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Movie Reviews

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    REVIEW | A Work In Progress: James Franco and Gus Van Sant's "Unfinished"

    James Franco's ubiquity may finally have reached its saturation point this past weekend. Within the same frenzied 48-hour period there was his Independent Spirit Award win for "127 Hours;" an Oscar co-hosting gig; and a third, less-visible achievement: Saturday was the opening of "Unfinished," his c...

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    REVIEW | Belgian Septuagenarians Get Jiggy in "The Over the Hill Band"

    Blending sass and pathos, the Belgian comedy "The Over the Hill Band" ("Meisjes") has a neatly conceived premise. Like Stephen Walker's delicate nonfiction portrait "Young@Heart," it's a genuine heart-tugger about senior citizens rediscovering their youth by singing pop music; like Craig Brewer's cr...

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    REVIEW | A Quiet Test of Faith in "Of Gods and Men"

    From its early scenes, "Of Gods and Men" inhabits the sacred lives of its monastic subjects. The eight monks residing in a seemingly quaint North African mountain community go through the motions of their daily prayers, the ritualistic hymns echoing monotonously throughout their hallowed chambers. P...

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    REVIEW | Purposeless but Sweet: Xavier Dolan's "Heartbeats"

    A hyperstylized "Jules and Jim" update, Canadian actor-turned-filmmaker prodigy Xavier Dolan's French language romance "Heartbeats" ("Les Amour Imaginaires") is as hip as he intends it. At the same time, this chic look at a bisexual love triangle occasionally feels too entangled in its own cool mane...

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    Small Screen (DVD/Blu-ray): "Fish Tank," "Get Low" & "Memento" Celebrates its 10th Anniversary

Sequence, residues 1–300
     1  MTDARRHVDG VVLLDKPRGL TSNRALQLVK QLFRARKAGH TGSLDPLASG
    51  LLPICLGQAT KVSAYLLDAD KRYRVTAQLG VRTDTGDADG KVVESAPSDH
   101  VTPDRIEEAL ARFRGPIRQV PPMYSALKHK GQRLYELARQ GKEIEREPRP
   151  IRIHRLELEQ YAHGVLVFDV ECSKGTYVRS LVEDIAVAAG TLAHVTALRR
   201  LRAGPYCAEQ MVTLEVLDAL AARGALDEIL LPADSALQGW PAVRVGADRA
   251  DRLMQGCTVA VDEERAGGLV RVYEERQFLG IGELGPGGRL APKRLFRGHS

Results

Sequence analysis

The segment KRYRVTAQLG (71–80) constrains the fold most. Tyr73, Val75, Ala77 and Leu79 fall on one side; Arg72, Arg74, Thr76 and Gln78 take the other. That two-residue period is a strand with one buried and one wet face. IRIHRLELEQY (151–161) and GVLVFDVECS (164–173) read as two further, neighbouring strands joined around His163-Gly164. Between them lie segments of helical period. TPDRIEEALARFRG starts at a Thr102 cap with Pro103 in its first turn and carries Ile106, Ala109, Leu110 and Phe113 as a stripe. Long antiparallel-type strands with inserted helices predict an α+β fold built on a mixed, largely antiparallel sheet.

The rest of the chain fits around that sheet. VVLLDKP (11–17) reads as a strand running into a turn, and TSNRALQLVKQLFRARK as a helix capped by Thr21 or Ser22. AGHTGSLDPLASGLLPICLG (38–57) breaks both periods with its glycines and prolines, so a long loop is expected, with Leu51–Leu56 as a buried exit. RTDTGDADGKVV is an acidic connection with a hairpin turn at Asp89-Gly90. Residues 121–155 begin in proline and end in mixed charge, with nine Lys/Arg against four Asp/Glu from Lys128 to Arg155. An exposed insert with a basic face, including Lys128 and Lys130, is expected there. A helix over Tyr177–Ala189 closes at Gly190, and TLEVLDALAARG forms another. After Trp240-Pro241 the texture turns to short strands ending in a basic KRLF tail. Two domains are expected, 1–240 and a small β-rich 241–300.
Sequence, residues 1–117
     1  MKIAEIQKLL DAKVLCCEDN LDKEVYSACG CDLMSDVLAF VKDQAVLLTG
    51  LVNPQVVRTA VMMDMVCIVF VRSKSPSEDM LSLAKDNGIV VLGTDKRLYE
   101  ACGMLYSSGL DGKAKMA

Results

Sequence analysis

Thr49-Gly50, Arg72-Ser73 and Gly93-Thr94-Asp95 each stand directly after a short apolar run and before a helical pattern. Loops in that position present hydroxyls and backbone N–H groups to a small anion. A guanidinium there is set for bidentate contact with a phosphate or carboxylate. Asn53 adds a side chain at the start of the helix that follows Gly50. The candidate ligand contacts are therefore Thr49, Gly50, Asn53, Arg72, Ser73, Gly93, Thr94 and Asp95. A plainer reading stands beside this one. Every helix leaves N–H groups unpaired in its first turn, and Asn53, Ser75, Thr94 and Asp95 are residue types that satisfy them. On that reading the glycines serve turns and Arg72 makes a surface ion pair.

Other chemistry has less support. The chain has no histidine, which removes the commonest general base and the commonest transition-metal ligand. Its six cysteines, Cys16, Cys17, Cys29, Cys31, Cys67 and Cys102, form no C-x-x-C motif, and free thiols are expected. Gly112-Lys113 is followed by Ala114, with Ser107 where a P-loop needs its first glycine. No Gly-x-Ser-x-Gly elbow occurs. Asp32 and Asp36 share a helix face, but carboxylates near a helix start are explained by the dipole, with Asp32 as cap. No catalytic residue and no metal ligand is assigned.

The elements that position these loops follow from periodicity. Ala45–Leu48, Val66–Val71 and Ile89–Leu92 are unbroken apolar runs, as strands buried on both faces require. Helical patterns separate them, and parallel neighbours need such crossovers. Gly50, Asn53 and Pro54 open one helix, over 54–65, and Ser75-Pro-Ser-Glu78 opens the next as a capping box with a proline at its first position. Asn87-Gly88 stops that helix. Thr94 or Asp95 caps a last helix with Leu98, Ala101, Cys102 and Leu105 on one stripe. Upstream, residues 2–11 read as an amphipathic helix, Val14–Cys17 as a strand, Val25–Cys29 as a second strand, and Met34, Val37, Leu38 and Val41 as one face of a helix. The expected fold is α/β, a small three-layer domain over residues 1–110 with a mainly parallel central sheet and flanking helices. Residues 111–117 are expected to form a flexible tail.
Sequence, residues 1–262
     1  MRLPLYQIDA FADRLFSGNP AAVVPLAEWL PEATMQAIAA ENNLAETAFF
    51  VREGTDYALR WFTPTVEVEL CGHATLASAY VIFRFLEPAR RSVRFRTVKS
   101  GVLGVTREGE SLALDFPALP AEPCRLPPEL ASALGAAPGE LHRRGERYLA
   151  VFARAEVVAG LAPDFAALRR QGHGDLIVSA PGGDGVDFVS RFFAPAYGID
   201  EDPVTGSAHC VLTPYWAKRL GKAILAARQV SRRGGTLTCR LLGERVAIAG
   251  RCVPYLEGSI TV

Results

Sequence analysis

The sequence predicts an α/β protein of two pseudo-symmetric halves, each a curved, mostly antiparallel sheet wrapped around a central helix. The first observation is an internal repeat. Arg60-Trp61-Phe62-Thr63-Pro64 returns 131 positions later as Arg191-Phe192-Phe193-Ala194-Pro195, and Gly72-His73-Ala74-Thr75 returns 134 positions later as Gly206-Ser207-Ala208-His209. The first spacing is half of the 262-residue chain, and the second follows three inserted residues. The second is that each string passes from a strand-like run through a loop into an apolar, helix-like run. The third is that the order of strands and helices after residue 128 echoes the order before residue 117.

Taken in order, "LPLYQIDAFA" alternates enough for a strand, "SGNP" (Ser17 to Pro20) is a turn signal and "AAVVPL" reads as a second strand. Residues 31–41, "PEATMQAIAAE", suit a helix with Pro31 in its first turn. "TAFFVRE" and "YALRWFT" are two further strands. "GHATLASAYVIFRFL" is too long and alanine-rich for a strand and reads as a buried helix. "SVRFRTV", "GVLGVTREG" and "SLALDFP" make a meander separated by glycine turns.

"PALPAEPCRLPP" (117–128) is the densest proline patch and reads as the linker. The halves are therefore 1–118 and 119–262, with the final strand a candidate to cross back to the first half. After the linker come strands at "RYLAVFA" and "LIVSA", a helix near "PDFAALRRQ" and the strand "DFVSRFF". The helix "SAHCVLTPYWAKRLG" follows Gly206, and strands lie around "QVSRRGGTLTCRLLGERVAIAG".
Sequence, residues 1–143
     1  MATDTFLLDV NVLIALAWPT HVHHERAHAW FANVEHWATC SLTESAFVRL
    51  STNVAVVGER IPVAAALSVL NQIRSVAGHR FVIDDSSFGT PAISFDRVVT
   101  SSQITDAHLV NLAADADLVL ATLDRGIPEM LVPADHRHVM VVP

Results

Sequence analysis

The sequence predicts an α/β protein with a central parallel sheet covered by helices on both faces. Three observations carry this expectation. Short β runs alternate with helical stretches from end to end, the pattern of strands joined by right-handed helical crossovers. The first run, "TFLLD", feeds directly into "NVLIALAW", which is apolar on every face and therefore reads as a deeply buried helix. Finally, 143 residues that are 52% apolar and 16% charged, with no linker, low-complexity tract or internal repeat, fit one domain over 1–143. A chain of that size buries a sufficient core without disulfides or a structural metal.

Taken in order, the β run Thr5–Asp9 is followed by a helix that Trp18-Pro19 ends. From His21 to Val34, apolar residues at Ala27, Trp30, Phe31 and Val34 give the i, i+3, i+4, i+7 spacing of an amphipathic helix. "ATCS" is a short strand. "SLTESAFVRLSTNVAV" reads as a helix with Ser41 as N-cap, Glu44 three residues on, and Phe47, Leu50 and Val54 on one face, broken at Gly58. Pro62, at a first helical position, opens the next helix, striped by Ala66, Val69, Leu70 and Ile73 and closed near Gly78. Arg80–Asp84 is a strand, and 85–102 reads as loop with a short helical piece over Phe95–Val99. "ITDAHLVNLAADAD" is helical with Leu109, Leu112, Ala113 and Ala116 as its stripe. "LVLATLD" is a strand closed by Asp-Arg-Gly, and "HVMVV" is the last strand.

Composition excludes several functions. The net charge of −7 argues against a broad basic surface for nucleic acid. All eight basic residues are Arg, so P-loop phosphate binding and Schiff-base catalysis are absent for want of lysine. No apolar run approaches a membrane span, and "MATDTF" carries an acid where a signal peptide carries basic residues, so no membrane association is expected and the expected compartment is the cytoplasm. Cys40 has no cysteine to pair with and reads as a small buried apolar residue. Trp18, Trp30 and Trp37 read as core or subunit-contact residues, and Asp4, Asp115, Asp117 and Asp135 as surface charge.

This week on DVD and Blu-ray "Fish Tank" finally drops via Criterion, Robert Duvall teams up with Bill Murray and "Memento" celebrates its 10th anniversary.

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    Berlinale '11 | The Iran Question; Generations a Gem & "Jess + Moss"

    At a Berlinale notable for its predictability, one incident above all sticks in the memory: before the opening credits rolled on the Turkish competition entry "Our Grand Despair," a screen emblazoned with the words FREE JAFAR PANAHI AND MOHAMMAD RASOULOF appeared, and in my seat I braced myself, ant...

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    REVIEW | Triple H on Autopilot In Bland WWE Product "The Chaperone"

    With the proper alignment of talent, the cliché of a brawny thug with a heart of gold becomes an irreverent and heartwarming combination in films like Norwegian deadpan comedy "A Somewhat Gentle Man" and Darren Aronofsky's "The Wrestler." While "The Chaperone" bests those works by starring a real wr...

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    REVIEW | New Wave Finds World Cinema in "Zero Bridge"

    The 29-year-old Tariq Tapa serves as writer, director and soundman for his affecting directorial debut, “Zero Bridge." This bittersweet story set in the Kashmiri city of Srinagar follows the plight of 17-year-old Dilawar (Mohamad Imran Tapa). His adopted mother abandoned him at a young age, leaving ...

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    REVIEW | A Meandering Midlife Crisis in Ramin Serry's "Loveless"

    Low-life characters are rarely simultaneously pitiable and entertaining like the garrulous Andrew (Andrew Von Urtz), the wannabe filmmaker at the center of Ramin Serry's chatty comedy "Loveless." The movie, Serry's second after the 2002 Iranian immigration tale "Maryam," can't keep up with Andrew's ...

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    REVIEW | A Cannibal Family Dines Together in “We Are What We Are”

    The horror genre has been ruthlessly mined for metaphor, often at the expense of credibility. The tricky balance of the Mexican cannibal drama “We Are What We Are” ("Somos lo que hay") involves its pairing of a conventional family unit with ludicrously grotesque proclivities. At once chilling and pa...

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